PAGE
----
Compression or injection moulding – Which do you need?

Over the past century, the aim to manufacture quality parts using the least amount of time and resources has led to the emergence of two popular techniques: injection moulding and compression moulding. Both come with their own unique set of advantages, but how do you know which process better suits your production? Thomas Catinat, Operations Manager of Broanmain Plastics, explains.

Increasing demand for plastic components has driven the market growth for plastic moulding technology from various industries including packaging, automotive, home appliances, electronics and medical devices. Over the past ten years, the injection moulded plastic parts segment has witnessed a significant surge, reaching US$258.2 billion in 2019 and expecting a CAGR of 4.6% between 2020 and 2027.[1]

Nevertheless, for basic plastic parts made with thermoset materials, compression moulding remains a popular technique, especially for gaskets, seals, and grommets. “Although injection moulding is more widely used, both techniques are needed by specific industries, depending on a number of factors such as volume, material used and functionality,” says Thomas.

Another approach Broanmain offers is direct screw transfer (DST) moulding, where the two technologies essentially meet in the middle by allowing compression materials to be moulded vertically in an injection machine. Thomas adds: “Although DST has been around for decades, the flexibility of this technique is yet to be realised by many UK manufacturers.”

In a nutshell

Injection moulding is a frequently utilised, automated manufacturing process for producing parts by injecting molten material into a mould. It can be performed with a variety of materials, most commonly thermoplastic polymers. Injection moulding machines generally comprise a material hopper, a plunger and a heating barrel.

Once the metal mould for the product part has been designed, it is created to the desired shape either as a single piece or moulded in multiple tool cavities. Plastic granules are fed into the heated barrel, mixed using a helical shaped screw and injected into the mould, where it cools and solidifies to the required shape before being ejected from the machine.

Compression moulding, on the other hand, is a traditional forming method which relies on heat and pressure to mould plastic materials. The first step involves the creation of a strong, precise metal tool designed to the required dimensions and shape.

A compression moulding machine places partially heated material into the open, heated mould cavity. The mould is then closed with a top force or plug member, where pressure and heat is applied to ensure the material reaches all parts of the cavity. The part is then cooled and cured into shape. Finally, the part is removed from the tooling where it is trimmed down. If intricate details are required, these are often created on a CNC mill.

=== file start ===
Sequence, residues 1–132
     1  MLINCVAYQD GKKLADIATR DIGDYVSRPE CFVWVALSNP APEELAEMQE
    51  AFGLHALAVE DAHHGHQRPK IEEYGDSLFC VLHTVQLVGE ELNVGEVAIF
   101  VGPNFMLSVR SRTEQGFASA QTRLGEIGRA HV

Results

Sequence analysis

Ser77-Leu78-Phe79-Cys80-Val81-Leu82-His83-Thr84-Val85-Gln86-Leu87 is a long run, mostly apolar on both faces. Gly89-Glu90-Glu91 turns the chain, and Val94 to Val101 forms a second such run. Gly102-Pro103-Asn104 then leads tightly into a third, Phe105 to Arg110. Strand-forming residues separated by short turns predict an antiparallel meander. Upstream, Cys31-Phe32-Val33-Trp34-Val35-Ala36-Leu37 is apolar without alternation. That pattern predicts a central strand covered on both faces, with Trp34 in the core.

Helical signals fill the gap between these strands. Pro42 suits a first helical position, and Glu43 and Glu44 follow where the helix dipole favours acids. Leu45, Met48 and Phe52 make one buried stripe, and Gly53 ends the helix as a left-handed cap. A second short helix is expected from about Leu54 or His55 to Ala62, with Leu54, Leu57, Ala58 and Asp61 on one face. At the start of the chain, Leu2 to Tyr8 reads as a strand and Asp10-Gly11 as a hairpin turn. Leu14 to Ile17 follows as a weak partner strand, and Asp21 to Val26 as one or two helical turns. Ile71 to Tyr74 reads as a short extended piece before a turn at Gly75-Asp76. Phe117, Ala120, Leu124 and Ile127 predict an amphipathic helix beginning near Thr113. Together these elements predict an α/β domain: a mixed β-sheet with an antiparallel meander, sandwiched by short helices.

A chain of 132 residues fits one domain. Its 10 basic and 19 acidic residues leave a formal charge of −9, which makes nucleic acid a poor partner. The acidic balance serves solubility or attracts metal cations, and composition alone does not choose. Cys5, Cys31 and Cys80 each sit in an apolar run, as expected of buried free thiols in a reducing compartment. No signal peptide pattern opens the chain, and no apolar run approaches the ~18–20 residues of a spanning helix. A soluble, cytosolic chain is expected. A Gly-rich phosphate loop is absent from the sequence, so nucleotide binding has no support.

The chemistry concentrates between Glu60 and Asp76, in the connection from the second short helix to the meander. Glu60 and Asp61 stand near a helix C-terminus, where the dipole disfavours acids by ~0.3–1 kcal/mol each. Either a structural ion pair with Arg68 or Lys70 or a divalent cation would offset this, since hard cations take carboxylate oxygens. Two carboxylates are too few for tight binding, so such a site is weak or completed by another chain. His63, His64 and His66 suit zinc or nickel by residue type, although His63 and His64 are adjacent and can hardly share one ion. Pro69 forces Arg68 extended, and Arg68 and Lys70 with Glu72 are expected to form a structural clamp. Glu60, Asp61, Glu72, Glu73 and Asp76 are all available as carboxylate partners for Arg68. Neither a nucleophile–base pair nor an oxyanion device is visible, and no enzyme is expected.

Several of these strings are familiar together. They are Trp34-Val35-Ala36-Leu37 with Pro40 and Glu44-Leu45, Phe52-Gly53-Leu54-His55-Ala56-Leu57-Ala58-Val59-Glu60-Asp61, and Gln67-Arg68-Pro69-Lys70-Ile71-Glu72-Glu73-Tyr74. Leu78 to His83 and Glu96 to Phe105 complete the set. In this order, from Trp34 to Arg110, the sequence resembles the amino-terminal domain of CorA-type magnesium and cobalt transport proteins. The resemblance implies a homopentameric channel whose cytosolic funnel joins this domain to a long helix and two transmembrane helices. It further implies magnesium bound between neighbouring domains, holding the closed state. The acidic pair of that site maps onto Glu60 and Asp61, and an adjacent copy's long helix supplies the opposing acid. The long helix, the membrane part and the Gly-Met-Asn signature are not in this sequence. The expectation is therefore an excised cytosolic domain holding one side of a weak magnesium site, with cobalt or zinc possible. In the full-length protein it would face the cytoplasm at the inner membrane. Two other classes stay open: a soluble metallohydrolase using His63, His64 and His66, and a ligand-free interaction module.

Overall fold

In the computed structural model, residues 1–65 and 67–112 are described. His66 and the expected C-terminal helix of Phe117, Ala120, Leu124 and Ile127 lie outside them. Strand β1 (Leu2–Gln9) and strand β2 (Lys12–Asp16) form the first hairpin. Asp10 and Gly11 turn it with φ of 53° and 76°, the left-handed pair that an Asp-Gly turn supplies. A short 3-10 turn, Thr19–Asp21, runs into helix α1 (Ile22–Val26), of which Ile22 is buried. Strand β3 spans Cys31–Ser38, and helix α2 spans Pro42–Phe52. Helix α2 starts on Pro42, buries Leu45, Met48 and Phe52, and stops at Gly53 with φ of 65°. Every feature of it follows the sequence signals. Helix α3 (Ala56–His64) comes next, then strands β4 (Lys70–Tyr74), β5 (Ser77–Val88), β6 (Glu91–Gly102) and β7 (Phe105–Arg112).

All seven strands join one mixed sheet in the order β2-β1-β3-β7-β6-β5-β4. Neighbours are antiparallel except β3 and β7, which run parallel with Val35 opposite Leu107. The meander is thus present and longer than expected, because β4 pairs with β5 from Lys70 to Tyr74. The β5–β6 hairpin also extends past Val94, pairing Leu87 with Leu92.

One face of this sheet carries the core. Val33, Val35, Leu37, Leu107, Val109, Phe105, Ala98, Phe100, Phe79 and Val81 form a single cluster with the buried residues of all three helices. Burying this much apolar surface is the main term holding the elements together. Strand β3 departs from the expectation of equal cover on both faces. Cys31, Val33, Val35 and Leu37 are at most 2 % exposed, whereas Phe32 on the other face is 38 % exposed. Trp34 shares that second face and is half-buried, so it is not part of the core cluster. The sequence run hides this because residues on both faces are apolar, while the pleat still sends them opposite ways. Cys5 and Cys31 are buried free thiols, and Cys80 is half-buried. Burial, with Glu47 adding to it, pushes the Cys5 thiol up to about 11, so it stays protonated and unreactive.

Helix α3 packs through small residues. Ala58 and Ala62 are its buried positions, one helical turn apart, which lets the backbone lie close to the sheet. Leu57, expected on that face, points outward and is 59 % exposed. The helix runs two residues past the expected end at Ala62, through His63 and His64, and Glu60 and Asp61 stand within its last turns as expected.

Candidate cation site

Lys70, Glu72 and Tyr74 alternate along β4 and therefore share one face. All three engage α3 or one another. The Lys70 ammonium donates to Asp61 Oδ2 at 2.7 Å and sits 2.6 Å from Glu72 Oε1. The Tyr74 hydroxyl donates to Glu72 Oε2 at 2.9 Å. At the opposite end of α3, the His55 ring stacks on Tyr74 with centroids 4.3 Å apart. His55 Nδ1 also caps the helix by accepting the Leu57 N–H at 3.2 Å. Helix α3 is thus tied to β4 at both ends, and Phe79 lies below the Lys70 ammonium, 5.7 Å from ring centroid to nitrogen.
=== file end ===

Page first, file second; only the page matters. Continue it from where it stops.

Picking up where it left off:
Broanmain offers compression moulding using Bulk Moulding Compound (BMC). Also called Dough Moulding Compound, the composite is a polyester ‘dough’ material that is manually put into the tool in pre-measured amounts. Using pressure, it is then forced into the cavities when the tool is shut. The mould is heated and the heat and pressure is maintained until the material sets.

DST, on the other hand, allows for the processing of thermoset materials such as epoxy, phenolic, DAP, alkyd and DMC in an injection moulding machine. Although more time is needed to change the equipment components and barrel, automation speeds up the overall process.

Size, scale and functionality

Currently, injection moulding is considered the most efficient method to mass-manufacture plastic precision parts in large quantities. Machines are programmable and automated, meaning components can be made quickly and accurately with short cycle times. Computer aided design and computer aided manufacturing allow close tolerances during the making of the moulds.

The key benefit of injection moulding is the versatility when adding details to the finished product. Due to the high pressure delivered by this technique, the plastic is pressed harder against the mould when compared to other processes. This allows for more complex geometrics to be integrated into the design which would have otherwise been too expensive or complicated to manufacture. For high volume production the cost is more viable.

“Thanks to its ability to produce more complex, detailed shapes and plastic components, injection moulding counts for a large amount of plastic products that people use every day,” adds Thomas. “With such flexibility in shape, size and style, the type of products that Broanmain offers varies, ranging from products as small as micro filters, electrics & battery casings, to those as large as scale casing  and  large floor tiles.”

Because compression moulding machines must bring material up to curing temperatures, the process is slower, particularly for larger parts. Production time is also made longer as the excess flash around the parts must be trimmed after production. It also requires more manual supervision to remove and finish parts. Where the compression method is beneficial is shaping highly durable parts with significant thickness. The compression moulding tool makes even stiff and high durometer plastic materials perfectly vulcanised and dimensionally stable.

This durability makes compression moulding ideal for stable parts such as aerospace and railway components, thermal electrical fittings, switches and valves that resist chemical corrosion, fire- and impact-resistant safety equipment and medical devices. Additionally, the technique is often used by the automotive and transportation sectors for hoods, fenders, spoilers and scoops.

“A majority of the time, compression moulding is used to create legacy components used in trains, planes and electrical parts. Here, production volumes can be as low as 10 per year. In this case, it’s not financially viable to invest in the development, tooling and testing required for injection moulding,” states Thomas.

The benefit of DST is the ability to use durable and low cost materials traditionally compressed horizontally, such as thermoset polymers, switching to a vertical injection moulding technique to achieve a more complex detailed component.

Environmental footprint and production costs